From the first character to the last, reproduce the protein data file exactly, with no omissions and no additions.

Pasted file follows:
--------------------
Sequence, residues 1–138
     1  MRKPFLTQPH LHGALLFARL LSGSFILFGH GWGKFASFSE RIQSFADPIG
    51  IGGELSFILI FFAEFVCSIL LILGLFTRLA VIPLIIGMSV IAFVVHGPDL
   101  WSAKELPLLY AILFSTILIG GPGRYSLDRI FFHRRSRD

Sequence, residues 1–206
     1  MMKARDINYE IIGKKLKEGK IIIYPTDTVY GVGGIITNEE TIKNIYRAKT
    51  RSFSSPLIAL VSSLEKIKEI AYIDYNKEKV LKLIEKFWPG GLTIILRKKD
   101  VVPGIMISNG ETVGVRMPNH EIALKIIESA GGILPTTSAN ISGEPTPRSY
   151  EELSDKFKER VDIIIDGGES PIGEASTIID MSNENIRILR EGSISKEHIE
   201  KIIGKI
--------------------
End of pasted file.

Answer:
Sequence, residues 1–138
     1  MRKPFLTQPH LHGALLFARL LSGSFILFGH GWGKFASFSE RIQSFADPIG
    51  IGGELSFILI FFAEFVCSIL LILGLFTRLA VIPLIIGMSV IAFVVHGPDL
   101  WSAKELPLLY AILFSTILIG GPGRYSLDRI FFHRRSRD

Sequence, residues 1–206
     1  MMKARDINYE IIGKKLKEGK IIIYPTDTVY GVGGIITNEE TIKNIYRAKT
    51  RSFSSPLIAL VSSLEKIKEI AYIDYNKEKV LKLIEKFWPG GLTIILRKKD
   101  VVPGIMISNG ETVGVRMPNH EIALKIIESA GGILPTTSAN ISGEPTPRSY
   151  EELSDKFKER VDIIIDGGES PIGEASTIID MSNENIRILR EGSISKEHIE
   201  KIIGKI